Cover Image - Why Don't Women With Autism Get Diagnosed?

Why Don’t Women With Autism Get Diagnosed?

By Nicola Heady


Barriers to an Autism diagnosis: Why Autistic Girls Matter!

So why is that girls struggle more to get an autism diagnosis rather than boys? We know from research that many young girls are still getting missed, misdiagnosed or under-diagnosed for so many varying reasons. But why is this still happening?

Well…it kind of makes sense if you think about it! The behaviors that are associated with girls and autism often manifest in a different way compared to boys. Of course they do! Girls are biologically different so it’s not really a big shock.

  1. Girls are sociable and often have lots of friends, or at least appear to? (unlike boys who often have one friend or prefer to play by themselves)
  2. Girls can socially interact well or at least appear to? (unlike boys who often remove themselves from social situations)
  3. Girls line up dolls and place them in precinct positions (unlike boys who line up blocks or soldiers)
  4. Girls have fanatical or special interests in collecting earrings or love Disney movies (unlike boys who often watch the same program day after day and everything is about Minecraft)
  5. Girls stim by kicking their legs or twirling their hair (unlike many boys who repeatedly move their hands or rock in smooth movements to self-regulate)
  6. Girls can give you really good eye contact (unlike boys who often avoid eye contact)

The list goes on and on and can differ for each individual child but what is important here is that we recognize that they BOTH have problems and challenges with social communication and interaction, repetitive behaviors, special interests and sensory deficits. They just manifest differently in behavior! AND let’s be honest here, the behaviors associated with autistic girls are naturally more perceived as ‘normal’ behavior’ and more accepted in society.

Changes in Research and Perception

Awareness of how girls with Autism present, has improved but many, many individuals and even front-line professionals still have very limited knowledge in this area. And yet again, it kind of makes sense! The diagnostic, assessment and screening tools that professionals currently use were created way back when. Tools like the ADOS and ASSQ were developed in the late 80s and 90s; and even though they have been revised; most of the research that contributed to the development and design originated from male biased articles. Nobody’s fault! We all just thought that autism only affected boys and that refrigerator mothers made children autistic.

Fortunately, that research is now severely out-dated and we know that autism is an indiscriminating condition. It can affect girls and boys and can occur in any familial network. What is also important to note is that the ratio of boys to girls with autism is narrowing at a fast rate; currently suggested to be 3:1. Yet, awareness, understanding, knowledge and even therapeutic approaches are still predominantly male biased.

Why Autistic Girls Matter

So why does it matter? As a parent, advocate and academic, I have heard these comments so often:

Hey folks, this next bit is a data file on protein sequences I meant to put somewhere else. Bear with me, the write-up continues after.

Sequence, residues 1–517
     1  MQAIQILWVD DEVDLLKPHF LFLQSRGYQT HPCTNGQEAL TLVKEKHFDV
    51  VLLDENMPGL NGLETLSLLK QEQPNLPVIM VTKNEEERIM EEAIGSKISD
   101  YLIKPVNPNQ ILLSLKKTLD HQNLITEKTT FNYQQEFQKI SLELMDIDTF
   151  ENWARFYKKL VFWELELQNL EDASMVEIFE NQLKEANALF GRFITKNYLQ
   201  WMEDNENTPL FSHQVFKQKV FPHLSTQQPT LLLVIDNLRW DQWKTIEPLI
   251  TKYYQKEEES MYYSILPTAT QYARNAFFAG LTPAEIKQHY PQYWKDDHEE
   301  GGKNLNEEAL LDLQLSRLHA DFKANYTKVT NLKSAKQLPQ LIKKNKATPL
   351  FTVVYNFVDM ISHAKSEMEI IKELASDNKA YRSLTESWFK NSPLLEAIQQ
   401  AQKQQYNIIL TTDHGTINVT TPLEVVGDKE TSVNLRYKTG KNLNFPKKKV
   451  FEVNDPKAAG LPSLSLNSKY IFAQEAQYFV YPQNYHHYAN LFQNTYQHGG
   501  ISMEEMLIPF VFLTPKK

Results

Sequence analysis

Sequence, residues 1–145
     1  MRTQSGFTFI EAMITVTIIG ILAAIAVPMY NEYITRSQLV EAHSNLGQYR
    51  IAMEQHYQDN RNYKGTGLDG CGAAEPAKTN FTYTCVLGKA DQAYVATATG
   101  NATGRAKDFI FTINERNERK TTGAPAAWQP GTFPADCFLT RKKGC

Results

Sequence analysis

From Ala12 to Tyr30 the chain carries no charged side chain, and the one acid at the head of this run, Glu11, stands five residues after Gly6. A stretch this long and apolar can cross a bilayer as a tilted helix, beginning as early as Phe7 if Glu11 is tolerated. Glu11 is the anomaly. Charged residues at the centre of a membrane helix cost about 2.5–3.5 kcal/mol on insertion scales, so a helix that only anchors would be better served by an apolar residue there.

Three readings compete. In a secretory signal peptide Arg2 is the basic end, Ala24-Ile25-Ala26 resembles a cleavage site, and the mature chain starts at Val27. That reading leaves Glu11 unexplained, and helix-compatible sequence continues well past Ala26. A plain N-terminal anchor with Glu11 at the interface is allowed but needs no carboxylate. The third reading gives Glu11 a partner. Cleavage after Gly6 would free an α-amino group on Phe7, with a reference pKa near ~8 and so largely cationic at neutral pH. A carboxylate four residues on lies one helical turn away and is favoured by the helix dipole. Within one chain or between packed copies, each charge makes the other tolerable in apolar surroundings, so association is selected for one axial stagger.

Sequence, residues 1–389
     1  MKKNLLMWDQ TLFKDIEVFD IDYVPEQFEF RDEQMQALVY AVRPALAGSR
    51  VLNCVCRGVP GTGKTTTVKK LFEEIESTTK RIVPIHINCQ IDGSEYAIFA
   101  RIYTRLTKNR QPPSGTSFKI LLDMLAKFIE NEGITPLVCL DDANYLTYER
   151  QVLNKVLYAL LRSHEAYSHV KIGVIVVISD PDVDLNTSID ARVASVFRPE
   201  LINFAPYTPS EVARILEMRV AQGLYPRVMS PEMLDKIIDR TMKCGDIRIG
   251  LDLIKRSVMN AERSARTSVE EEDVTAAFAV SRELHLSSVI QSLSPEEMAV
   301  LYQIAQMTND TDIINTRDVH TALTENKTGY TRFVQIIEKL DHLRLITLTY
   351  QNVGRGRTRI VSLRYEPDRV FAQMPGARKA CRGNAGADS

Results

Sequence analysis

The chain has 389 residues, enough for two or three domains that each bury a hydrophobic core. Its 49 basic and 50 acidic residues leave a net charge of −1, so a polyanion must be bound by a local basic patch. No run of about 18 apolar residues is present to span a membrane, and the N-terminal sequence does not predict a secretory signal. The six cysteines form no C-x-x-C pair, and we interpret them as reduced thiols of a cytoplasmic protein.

‘‘she doesn’t look autistic; she looks happy enough; she does well in school; she has lots of friend’s’’

But I can tell you from personal experience supported by academic research; IT MATTER’S A LOT! When we talk about invisible disabilities you cannot get a much better example than with a girl with autism. The disability is not invisible, it literally appears non-existent as it is expertly hidden from front-line professionals and even close family. Many girls with autism, subconsciously or not, have this innate ability to mask their challenges by mimicking their peers, so that they can fit into and seek acceptance from a social world that they find difficult to understand.

But this ALWAYS comes with an emotional price tag. Girls with autism often internalize their emotions and suffer from debilitating anxiety and depression. As a result, this frequently results in or can co-exist with many other mental disorders such as eating disorders, obsessive compulsive disorders, tic disorders or attention deficit hyperactivity and even suicidal thoughts or attempts. Even more concerning is that individuals with autism are already suggested to be NINE times more likely to die prematurely, with suicide being the principal cause. So, we really need to consider, could that figure be potentially a lot HIGHER if girls are still getting missed or misdiagnosed? AND for me that is a very good reason as to why it matters!

Moving Forward

This blog is not meant to scare or create fear for those parents who have autistic children or front-line professionals who are involved with these children. These children are beautiful, individualistic and inspirational. However, it is time to raise much needed awareness and knowledge that poor outcomes are often associated with a delay in diagnosis and lack of early intervention. It is our duty to inform, safeguard and protect the future generation of autistic children and that is why AUTISTIC GIRLS DO MATTER!

Headshot of Nicola Heady

Hi! I’m Nicola Heady, a very proud mother of two beautiful autistic daughters. However, it took a long, exhausting seven years to get my first daughter assessed for Autism. Eventually she was diagnosed at the age of 13 but by that time; she had developed debilitating anxiety and other co-existing conditions that resulted in her becoming school phobic. So, I did my MSc in Autism & Related Conditions, specialising in autism and girls, to help support her and understand ‘why it had taken so long for professionals to see’ what I could clearly see as a parent. I am now in my last year of PhD but I still love to share my knowledge and support families who are still struggling out there like I was, all those years ago.